• REQUIREMENTS TO INCLUDE SHOTS OR EQUIPMENT WERE NOT SPECIFICALLY DESIGNATED TOWARDS CIVILIAN PERSONNEL AND REQUIRED GUIDANCE FROM OUTSIDE THE DIVISION.

  • QUESTIONS WERE RAISED AS TO WHETHER CIVILIAN PERSONNEL WOULD BE PLACED ON TCS ORDERS OR TDY ORDERS. TCS ORDERS PERMITTED UNITS TO SUPPLY CIVILIAN PERSONNEL.

  • RECOMMENDATIONS:

  • CONDUCT A REVIEW OF DA PAM 690-47 AND UPDATE AS REQUIRED.

  • DETERMINE WHETHER CIVILIAN EMPLOYEES SHOULD DEPLOY ON TCS ORDERS IN ORDER TO FACILITATE SUPPORT FROM SUPPORTED UNITS.

  • PUBLISH A ONE SOURCE DOCUMENT ON CIVILIAN PAY AND ENTITLEMENTS OR EXPAND DA PAM 690-47 TO INCLUDE FINANCIAL DOCUMENTATION.

5


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  • LESSONS LEARNED – PRE-COMBAT PHASE OF OPERATION IRAQI FREEDOM

  • ISSUE: UNDER THE BRIGADE COMBAT TEAM (BCT) CONCEPT, ADDITIONAL SAFETY PERSONNEL ARE REQUIRED.

  • BACKROUND: DIVISION SAFETY OFFICES ARE NOT ALLOCATED SUFFICIENT JOB POSITIONS TO SUPPORT SAFETY COVERAGE AT THE BCT LEVEL.

  • DISCUSSION:

  • EACH MANEUVER BRIGADE, DIVISION SUPPORT COMMAND, DIVISION ARTILLERY BRIGADE, DIVISION REAR SUPPORT AREA, AND DIVISION MAIN COMMAND POST, REQUIRE A SAFETY SPECIALIST (TOTAL OF 7 GS EMPLOYEES).

  • THE ARMY SAFETY AUGMENTATION DETACHMENT (ASAD) SHOULD BE INCORPORATED AT THE TIME OF NOTICE OF DEPLOYMENT IN ORDER TO LEARN THE UNIQUE ASPECTS OF THE DIVISION. ONE ASSIGNED TO EACH GS EMPLOYEE. ( TOTAL 7).

  • THE ASAD PROVIDES ABILITY TO ROTATE AMONG COMPANY & BATTALION LEVEL ORGANIZATIONS AS WELL AS PROVIDE THE NECESSARY SUPPORT TO THE BCT COMMANDER.

  • SAFETY SPECIALISTS AVERAGED 12 TO 18 HOURS PER DAY WHEN OPERATING AT THE BCT LEVEL.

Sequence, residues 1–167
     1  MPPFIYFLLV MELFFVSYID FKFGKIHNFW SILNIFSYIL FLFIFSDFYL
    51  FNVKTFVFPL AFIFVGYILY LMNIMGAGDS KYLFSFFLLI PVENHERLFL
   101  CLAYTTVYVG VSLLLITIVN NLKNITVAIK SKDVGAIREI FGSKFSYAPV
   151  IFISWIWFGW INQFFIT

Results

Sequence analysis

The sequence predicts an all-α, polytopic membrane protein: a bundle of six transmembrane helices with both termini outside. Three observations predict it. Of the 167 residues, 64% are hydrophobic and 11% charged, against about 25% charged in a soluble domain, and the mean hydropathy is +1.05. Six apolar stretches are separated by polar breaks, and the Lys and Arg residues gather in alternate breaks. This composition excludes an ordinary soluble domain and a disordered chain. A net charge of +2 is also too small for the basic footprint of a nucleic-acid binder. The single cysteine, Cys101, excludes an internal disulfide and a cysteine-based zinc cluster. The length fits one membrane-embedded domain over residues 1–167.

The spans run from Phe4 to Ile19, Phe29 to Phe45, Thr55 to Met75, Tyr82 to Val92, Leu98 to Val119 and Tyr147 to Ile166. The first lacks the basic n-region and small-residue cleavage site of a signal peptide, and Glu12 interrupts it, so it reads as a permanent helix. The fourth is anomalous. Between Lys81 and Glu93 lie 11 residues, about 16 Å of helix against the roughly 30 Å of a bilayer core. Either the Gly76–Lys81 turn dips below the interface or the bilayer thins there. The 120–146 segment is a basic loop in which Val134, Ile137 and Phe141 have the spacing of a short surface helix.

• RECOMMENDATIONS:

  • DIVISION SAFETY OFFICES SHOULD BE FUNDED TO SUPPORT TACTICAL SAFETY COVERAGE AT ALL BRIGADE SIZE ELEMENTS TO INCLUDE FUNDING OF REQUIRED SAFETY EQUIPMENT.

  • ASAD PROGRAM SHOULD BE EXPANDED IN ORDER TO ALLOW TRAINING WITH THE DIVISIONAL UNITS PRIOR TO DEPLOYMENT.

  • ASADs SHOULD BE DEPLOYED WITH THE UNIT THEY WILL BE SUPPORTING.

6


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  • LESSONS LEARNED – PRE-COMBAT/COMBAT PHASE OF OPERATION IRAQI FREEDOM

  • ISSUE: TRANSPORTATION AND COMMUNICATIONS FOR SAFETY PERSONNEL.

  • BACKROUND: DIVISION DOES NOT HAVE SUFFICIENT ORGANIC VEHICLES TO SUPPORT TACTICAL SAFETY OPERATIONS NOR RADIOS OR ALTERNATE COMMUNICATIONS CAPABILITY.

  • DISCUSSION:

  • SAFETY SPECIALISTS REQUIRE TRANSPORTATION IN ORDER TO PERFORM THEIR MISSION AND TO REACT TO REPORTED ACCIDENTS.

  • SAFETY PERSONNEL HAVE TO RELY ON THE SUPPORT OF THEIR BCT.

  • MOVEMENT IS HINDERED TO THOSE AREAS WHERE THE FOCUS SHOULD BE AND PREVENTS REACTION TO CLASS A AND CLASS B ACCIDENT SITES (SAFETY PERSONNEL GO FROM PROACTIVE TO REACTIVE MODE).

  • DIVISION ASSETS ARE NOT AVAILABLE TO SUPPORT SAFETY REQUIREMENTS DUE TO MTO&E CONSTRAINTS.

  • RECOMMENDATION:

  • AR 385-10 SHOULD BE CHANGED TO REFLECT SPECIFIC SUPPORT REQUIREMENTS REQUIRED AT EVERY DIVISIONAL SAFETY OFFICE.

  • THE UNITED STATES ARMY SAFETY CENTER, SUPPORTED BY THE DEPARTMENT OF THE ARMY, MUST ESTABLISH A TDA IN SUPPORT OF DIVISIONAL SAFETY OFFICES WHICH INCLUDES TRANSPORTATION, EQUIPMENT, AND COMMUNICATION REQUIREMENTS.

7


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  • LESSONS LEARNED – PRE-COMBAT/COMBAT PHASE OF OPERATION IRAQI FREEDOM

  • ISSUE: LOCATION OF SAFETY PERSONNEL IN SUPPORT OF BCTs.

  • BACKROUND: UNITS COULD NOT DETERMINE HOW THEIR SAFETY SPECIALIST SHOULD BE EMPLOYED IN SUPPORT OF THE BCT MISSIONS AND RELIED ON THEIR SPECIALIST TO PROVIDE INPUT.

  • DISCUSSION:

  • AT HOME STATION, SAFETY SPECIALISTS CAN MONITOR ALL ASPECTS OF DEPLOYMENT TO INCLUDE VEHICLE PREPARATION, MOVEMENT BETWEEN VARIOUS CHECK STATIONS, RAIL AND AIR OPERATIONS.